While not terribly expensive (and still not particularly affordable given that so far the collection is only presented in stainless steel), Jaquet Droz Grande Heure Minute Quantieme was designed for those people who believe that a dress watch must only be worn with formal attire. While you still can wear one of them with jeans or even chinos, you must be either a really successful screenwriter or a slightly eccentric serial start-upper to pull off the trick.
The Swiss watchmaking specialist Jaquet Droz is probably the first brand name that comes to mind when you are thinking about a watch, which is more a jewelry item than a simple accessory. However, while known for such beautiful items as the magnificent Grande Seconde Tourbillon Aventurine or (the a series of gorgeous bird-inspired timepieces Petite Heure Minute Relief Season collection is a good example here), the watchmaking house also has a number of timekeepers of a dressier kind with models starting from simple one-handers and beautiful takes on moon-phase and going all the way up to absolutely stunning tourbillons.
Although there is nothing particularly fancy about this new collection, I must admit that its members indeed look wonderful regardless whether it is a simple version with a silvered opaline dial or a more advanced one featuring blue Geneva Stripes. All of these dressy timekeepers are equally adequate for the job.
Case & Strap
Attempting to kill two birds with one stone, Jaquet Droz offers this new timekeeper in two versions: a smaller one measures just 39 millimeters in diameter and can be considered a perfect dress watch, while the larger one has a diameter of 43 millimeters and is designed for those who still think that a luxury timepiece should be large enough to be clearly visible from at least four miles.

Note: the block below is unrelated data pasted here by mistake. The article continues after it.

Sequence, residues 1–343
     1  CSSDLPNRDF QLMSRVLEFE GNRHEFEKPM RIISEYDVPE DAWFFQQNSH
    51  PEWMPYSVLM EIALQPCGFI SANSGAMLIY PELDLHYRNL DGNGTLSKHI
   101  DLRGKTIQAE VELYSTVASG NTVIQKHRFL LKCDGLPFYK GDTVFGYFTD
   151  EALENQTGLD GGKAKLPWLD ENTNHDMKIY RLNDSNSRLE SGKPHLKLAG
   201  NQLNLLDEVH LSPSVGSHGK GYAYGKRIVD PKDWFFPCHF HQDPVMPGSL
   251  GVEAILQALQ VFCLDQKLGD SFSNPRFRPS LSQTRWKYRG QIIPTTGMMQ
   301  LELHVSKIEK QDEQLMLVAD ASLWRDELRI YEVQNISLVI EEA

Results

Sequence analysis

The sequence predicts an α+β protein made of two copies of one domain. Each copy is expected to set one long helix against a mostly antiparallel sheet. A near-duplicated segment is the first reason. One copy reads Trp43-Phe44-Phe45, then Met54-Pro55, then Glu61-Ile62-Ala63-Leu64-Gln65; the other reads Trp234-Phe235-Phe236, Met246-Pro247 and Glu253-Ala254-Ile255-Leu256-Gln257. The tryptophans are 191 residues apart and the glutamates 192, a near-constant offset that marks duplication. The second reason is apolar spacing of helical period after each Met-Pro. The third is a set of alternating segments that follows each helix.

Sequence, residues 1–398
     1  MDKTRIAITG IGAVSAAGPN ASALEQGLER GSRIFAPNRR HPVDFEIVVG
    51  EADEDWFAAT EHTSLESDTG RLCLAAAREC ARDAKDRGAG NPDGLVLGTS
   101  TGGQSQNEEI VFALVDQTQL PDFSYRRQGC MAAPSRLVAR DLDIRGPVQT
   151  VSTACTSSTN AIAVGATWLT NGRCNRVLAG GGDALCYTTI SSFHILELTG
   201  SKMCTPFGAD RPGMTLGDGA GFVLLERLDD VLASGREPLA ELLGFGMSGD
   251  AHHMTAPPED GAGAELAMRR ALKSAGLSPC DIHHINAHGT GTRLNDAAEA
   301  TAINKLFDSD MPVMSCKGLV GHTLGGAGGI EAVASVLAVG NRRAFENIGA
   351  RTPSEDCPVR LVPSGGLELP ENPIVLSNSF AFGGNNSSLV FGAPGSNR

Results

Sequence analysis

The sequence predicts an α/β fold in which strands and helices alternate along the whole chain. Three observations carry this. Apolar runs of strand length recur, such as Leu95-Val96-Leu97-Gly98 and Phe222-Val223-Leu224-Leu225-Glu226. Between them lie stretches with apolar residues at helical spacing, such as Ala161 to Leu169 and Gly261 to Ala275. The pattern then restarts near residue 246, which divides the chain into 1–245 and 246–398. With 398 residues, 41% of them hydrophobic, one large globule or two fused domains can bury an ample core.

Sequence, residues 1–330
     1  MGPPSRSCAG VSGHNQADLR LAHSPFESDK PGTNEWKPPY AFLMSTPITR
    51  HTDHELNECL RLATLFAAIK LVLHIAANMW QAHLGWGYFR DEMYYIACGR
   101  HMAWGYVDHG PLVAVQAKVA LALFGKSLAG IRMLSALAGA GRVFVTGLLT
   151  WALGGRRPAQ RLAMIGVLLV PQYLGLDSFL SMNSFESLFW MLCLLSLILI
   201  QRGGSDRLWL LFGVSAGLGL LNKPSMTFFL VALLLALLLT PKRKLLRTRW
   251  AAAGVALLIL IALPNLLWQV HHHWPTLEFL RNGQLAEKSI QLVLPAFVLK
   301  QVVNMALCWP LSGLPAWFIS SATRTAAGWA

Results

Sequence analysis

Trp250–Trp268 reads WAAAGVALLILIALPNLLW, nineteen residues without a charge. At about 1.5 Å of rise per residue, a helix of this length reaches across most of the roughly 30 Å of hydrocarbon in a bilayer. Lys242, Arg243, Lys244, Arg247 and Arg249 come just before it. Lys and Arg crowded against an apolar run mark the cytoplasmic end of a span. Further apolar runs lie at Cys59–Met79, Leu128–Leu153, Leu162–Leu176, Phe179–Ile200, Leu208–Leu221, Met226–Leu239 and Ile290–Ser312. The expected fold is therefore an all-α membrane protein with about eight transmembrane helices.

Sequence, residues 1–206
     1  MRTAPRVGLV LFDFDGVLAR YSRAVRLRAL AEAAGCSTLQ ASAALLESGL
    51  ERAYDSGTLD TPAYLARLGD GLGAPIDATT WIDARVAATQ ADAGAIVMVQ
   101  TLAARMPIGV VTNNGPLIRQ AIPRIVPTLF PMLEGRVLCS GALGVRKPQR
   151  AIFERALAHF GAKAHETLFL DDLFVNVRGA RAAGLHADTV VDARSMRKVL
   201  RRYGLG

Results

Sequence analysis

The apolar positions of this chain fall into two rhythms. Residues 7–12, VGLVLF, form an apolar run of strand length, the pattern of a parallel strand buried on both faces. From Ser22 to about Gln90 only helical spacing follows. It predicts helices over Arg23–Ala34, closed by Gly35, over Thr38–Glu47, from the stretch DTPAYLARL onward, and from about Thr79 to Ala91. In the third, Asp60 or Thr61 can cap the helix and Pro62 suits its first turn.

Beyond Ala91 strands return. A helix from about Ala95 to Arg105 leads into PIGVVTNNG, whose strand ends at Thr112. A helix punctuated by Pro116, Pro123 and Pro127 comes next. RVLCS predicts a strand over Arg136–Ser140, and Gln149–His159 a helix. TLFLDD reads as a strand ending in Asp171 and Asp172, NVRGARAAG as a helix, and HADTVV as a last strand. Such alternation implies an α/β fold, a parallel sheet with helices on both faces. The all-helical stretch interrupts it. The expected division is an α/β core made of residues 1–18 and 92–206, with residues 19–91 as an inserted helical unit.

Sporting a set of rather long lugs, the larger timepiece may be a bit too wide for persons with thinner wrists, so, if you are one of them, you should probably try one before ordering it.
Somewhat counter-intuitively, the smaller watch is a bit thicker than the larger one but still stays close to that comfortable zone of just 11 millimeters from top to bottom. Both cases look ergonomic, as is the crown is of just the right size for fingers of an average customer.
If you expected this gorgeous piece to come in white gold, I have to disappoint you: so far it is available only in stainless steel and it is not clear when we will see a version in the precious metal.
The timekeeper will be delivered on a high-quality, hand-made alligator leather strap either in blue or in black color. I would personally prefer the stock stainless steel ardillon buckle with a deployant clasp, which is plain more comfortable to me, but I see the case for a more classic design here, too.
The new Caliber JD1150 that animates the watch is, in fact, the good old Frederic Piguet 1150 automatic movement that had its metal mainspring replaced with a silicon one. Ultra-light and antimagnetic, the spring makes the mechanism a bit more accurate than the base one.